“Kids are play-deprived nowadays,” says Katherine Reynolds Lewis, a journalist, parent, parent-educator and the author of one of those two new books, The Good News About Bad Behavior. And by “play” she means play without screens or adults keeping watch.
At a recent session of the National Institute for Urban School Leaders at the Harvard Graduate School of Education, Bridwell-Mitchell took a deep dive into “culture,” describing the building blocks of an organization’s character and fundamentally how it feels to work there.
Culture Is Connections
A culture will be strong or weak depending on the interactions between the people in the organization, she said. In a strong culture, there are many, overlapping, and cohesive interactions among all members of the organization. As a result, knowledge about the organization’s distinctive character — and what it takes to thrive in it — is widely spread and reinforced. In a weak culture, sparse interactions make it difficult for people to learn the organization’s culture, so its character is barely noticeable and the commitment to it is scarce or sporadic.
- Beliefs, values, and actions will spread the farthest and be tightly reinforced when everyone is communicating with everyone else. In a strong school culture, leaders communicate directly with teachers, administrators, counselors, and families, who also all communicate directly with each other.
- A culture is weaker when communications are limited and there are fewer connections. For example, if certain teachers never hear directly from their principal, an administrator is continually excluded from communications, or any groups of staff members are operating in isolation from others, it will be difficult for messages about shared beliefs and commitments to spread.
Culture Is Core Beliefs and Behaviors
Within that weak or strong structure, what exactly people believe and how they act depends on the messages — both direct and indirect — that the leaders and others in the organization send. A good culture arises from messages that promote traits like collaboration, honesty and hard work.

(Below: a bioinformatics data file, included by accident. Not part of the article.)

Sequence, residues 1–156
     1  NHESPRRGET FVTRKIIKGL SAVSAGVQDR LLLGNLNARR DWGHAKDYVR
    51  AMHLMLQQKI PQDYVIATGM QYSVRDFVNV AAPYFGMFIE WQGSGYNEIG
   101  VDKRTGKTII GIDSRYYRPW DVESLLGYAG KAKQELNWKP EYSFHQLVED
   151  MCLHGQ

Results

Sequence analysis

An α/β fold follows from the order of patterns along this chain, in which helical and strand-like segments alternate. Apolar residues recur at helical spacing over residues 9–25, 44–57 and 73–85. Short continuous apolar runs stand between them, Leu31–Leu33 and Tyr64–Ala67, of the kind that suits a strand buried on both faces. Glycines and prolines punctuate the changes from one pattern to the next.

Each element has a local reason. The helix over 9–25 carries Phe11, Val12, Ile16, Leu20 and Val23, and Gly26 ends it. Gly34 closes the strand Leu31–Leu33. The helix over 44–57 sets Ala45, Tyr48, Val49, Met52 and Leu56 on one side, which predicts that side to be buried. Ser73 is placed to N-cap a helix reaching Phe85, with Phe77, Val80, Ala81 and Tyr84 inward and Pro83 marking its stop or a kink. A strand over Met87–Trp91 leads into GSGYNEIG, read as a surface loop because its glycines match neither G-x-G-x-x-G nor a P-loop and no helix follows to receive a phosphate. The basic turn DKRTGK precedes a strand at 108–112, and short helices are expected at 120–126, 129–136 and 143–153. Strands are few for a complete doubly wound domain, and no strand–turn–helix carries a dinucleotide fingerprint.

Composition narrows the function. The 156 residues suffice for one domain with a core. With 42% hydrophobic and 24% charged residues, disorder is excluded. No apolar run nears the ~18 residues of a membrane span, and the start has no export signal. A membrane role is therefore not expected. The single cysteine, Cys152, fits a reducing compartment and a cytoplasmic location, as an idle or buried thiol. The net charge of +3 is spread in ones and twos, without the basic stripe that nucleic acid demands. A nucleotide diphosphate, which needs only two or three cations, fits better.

Culture is shaped by five interwoven elements, each of which principals have the power to influence:
- Fundamental beliefs and assumptions, or the things that people at your school consider to be true. For example: “All students have the potential to succeed,” or “Teaching is a team sport.”
- Shared values, or the judgments people at your school make about those belief and assumptions — whether they are right or wrong, good or bad, just or unjust. For example: “It’s wrong that some of our kindergarteners may not receive the same opportunity to graduate from a four-year college,” or “The right thing is for our teachers to be collaborating with colleagues every step of the way.”
- Norms, or how members believe they should act and behave, or what they think is expected of them. For example: “We should talk often and early to parents of young students about what it will take for their children to attend college.” “We all should be present and engaged at our weekly grade-level meetings.”
- Patterns and behaviors, or the way people actually act and behave in your school. For example: There are regularly-scheduled parent engagement nights around college; there is active participation at weekly team curriculum meetings. (But in a weak culture, these patterns and behaviors can be different than the norms.)
- Tangible evidence, or the physical, visual, auditory, or other sensory signs that demonstrate the behaviors of the people in your school. For example: Prominently displayed posters showcasing the district’s college enrollment, or a full parking lot an hour before school begins on the mornings when curriculum teams meet.
Each of these components influences and drives the others, forming a circle of reinforcing beliefs and actions, Bridwell-Mitchell says; strong connections among every member of the school community reinforce the circle at every point.